18.03.03 Anxiety

March 2, 2018
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The Power
(Not Paralysis)
of Anxiety

New neuroscience study out of Canada finds a certain level of anxiety *may* help us remember.

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About the Study:

  • 80 participants screened on their levels of anxiety & then asked to study a set of words
  • Next, the words were shown to them over various images – some neutral pics & some negative.
  • Only difference in their memory recall? Those with high levels of anxiety remembered the words more accurately when they were shown over the negative images.

What Might This Mean?

People with some anxiety may remember an event or moment more vividly, but with a tainted negative light that may be unwarranted.

Reaffirmed anxiety ‘sweet spot’: some anxiety helps us rememberA a too much might make our memory recall less accurate.

“Having butterflies in your stomach might actually make that information more memorable to you later on.”



Myra Fernandes, Professor, University of Waterloo, Department of Psychology, and co-author of the study
‘I think a practical takeaway from this study is to be aware of the biases you’re bringing to the table and know that they might affect how you’re seeing everything and remembering it later.’



Christopher Lee, Professor, University of Waterloo, Department of Psychology, and co-author of the study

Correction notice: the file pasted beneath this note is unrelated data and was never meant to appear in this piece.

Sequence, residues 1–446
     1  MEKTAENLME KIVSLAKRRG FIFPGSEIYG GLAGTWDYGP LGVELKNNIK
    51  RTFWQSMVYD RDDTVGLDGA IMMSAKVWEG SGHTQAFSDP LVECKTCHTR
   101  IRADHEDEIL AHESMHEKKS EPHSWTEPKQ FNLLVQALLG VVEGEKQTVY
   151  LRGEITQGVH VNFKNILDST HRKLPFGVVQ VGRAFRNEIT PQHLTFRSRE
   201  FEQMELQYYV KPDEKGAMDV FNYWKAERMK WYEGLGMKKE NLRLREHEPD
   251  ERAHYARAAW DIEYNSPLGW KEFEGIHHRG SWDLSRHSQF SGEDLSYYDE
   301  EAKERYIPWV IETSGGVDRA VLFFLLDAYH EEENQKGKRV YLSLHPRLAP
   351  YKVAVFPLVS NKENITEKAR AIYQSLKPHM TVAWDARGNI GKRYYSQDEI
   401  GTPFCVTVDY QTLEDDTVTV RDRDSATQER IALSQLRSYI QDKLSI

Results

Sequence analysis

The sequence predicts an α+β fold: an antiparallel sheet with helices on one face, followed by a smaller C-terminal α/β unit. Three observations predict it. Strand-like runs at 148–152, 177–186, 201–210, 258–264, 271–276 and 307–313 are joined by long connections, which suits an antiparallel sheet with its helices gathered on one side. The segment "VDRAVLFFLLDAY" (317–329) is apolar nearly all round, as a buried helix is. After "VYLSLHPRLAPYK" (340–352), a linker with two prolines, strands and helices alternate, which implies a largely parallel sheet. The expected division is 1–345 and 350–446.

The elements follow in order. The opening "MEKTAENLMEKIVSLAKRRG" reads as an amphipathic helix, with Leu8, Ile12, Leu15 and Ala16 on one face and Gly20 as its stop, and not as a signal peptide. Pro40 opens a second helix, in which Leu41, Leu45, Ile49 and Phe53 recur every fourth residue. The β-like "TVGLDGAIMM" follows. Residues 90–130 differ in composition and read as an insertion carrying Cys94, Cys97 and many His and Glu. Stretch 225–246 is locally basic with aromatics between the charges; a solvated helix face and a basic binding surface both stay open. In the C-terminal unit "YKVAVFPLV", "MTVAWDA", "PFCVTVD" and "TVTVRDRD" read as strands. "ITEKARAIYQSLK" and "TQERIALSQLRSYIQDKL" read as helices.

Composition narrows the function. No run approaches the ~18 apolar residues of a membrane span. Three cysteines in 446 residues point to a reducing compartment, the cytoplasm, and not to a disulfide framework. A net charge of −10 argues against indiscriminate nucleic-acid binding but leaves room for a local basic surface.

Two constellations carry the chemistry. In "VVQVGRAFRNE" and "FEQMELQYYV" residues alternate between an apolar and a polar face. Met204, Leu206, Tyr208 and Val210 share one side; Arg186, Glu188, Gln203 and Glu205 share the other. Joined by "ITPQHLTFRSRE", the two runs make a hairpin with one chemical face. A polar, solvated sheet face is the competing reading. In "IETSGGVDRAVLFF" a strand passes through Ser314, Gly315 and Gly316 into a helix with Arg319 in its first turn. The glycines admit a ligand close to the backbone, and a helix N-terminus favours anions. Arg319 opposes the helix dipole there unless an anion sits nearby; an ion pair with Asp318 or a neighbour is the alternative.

Researchers gave a terrific example of how negative memory recall works – Check it out!

Overall, that could mean that anxious people have a memory advantage over non-anxious people, says Fernandes, especially in emotional situations. But it also has a downside: It shows how people can adopt a negative retrieval mode when recalling events, which could lead to biased memories. For people with high anxiety, the emotional context in the background tainted their later memory of these words that were otherwise neutral, says Fernandes.A Co-author Christopher Lee says most people have probably experienced this type of memory bias at some point. Say you”re having the worst day possible—you slept through your alarm, you slipped and fell in mud—and then the barista atA StarbucksA asks you a totally neutral question, like if you want whipped cream on your mocha, he says. Because you entered this situation in such a negative mindset, you may remember him being rude or hostile or horrible for some reason, even when he”s not.

by Jenna Lee,

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